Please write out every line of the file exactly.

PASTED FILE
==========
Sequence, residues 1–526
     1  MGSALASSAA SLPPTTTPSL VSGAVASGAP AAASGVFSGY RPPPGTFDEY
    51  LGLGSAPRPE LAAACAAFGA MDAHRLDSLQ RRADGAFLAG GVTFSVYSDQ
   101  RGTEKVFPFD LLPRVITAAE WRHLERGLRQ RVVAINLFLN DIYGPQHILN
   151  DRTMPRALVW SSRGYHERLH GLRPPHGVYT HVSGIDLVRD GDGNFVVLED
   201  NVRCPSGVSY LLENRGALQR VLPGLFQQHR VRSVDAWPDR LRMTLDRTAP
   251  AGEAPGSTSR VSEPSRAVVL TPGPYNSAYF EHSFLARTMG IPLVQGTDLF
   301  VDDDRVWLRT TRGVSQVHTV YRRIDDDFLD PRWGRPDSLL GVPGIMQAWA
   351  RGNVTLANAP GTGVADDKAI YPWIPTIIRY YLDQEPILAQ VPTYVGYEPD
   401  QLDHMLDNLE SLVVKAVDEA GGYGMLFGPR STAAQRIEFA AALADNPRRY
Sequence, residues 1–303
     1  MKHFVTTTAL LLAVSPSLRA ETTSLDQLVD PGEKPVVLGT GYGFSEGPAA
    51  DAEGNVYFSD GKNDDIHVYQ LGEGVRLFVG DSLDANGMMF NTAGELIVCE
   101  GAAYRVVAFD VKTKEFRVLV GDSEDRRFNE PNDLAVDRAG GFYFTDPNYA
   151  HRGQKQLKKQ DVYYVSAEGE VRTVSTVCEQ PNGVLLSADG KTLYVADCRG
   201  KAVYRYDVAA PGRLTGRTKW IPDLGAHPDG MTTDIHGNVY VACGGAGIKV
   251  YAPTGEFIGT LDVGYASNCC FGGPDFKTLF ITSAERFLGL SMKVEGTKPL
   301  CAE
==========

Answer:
Sequence, residues 1–526
     1  MGSALASSAA SLPPTTTPSL VSGAVASGAP AAASGVFSGY RPPPGTFDEY
    51  LGLGSAPRPE LAAACAAFGA MDAHRLDSLQ RRADGAFLAG GVTFSVYSDQ
   101  RGTEKVFPFD LLPRVITAAE WRHLERGLRQ RVVAINLFLN DIYGPQHILN
   151  DRTMPRALVW SSRGYHERLH GLRPPHGVYT HVSGIDLVRD GDGNFVVLED
   201  NVRCPSGVSY LLENRGALQR VLPGLFQQHR VRSVDAWPDR LRMTLDRTAP
   251  AGEAPGSTSR VSEPSRAVVL TPGPYNSAYF EHSFLARTMG IPLVQGTDLF
   301  VDDDRVWLRT TRGVSQVHTV YRRIDDDFLD PRWGRPDSLL GVPGIMQAWA
   351  RGNVTLANAP GTGVADDKAI YPWIPTIIRY YLDQEPILAQ VPTYVGYEPD
   401  QLDHMLDNLE SLVVKAVDEA GGYGMLFGPR STAAQRIEFA AALADNPRRY
Sequence, residues 1–303
     1  MKHFVTTTAL LLAVSPSLRA ETTSLDQLVD PGEKPVVLGT GYGFSEGPAA
    51  DAEGNVYFSD GKNDDIHVYQ LGEGVRLFVG DSLDANGMMF NTAGELIVCE
   101  GAAYRVVAFD VKTKEFRVLV GDSEDRRFNE PNDLAVDRAG GFYFTDPNYA
   151  HRGQKQLKKQ DVYYVSAEGE VRTVSTVCEQ PNGVLLSADG KTLYVADCRG
   201  KAVYRYDVAA PGRLTGRTKW IPDLGAHPDG MTTDIHGNVY VACGGAGIKV
   251  YAPTGEFIGT LDVGYASNCC FGGPDFKTLF ITSAERFLGL SMKVEGTKPL
   301  CAE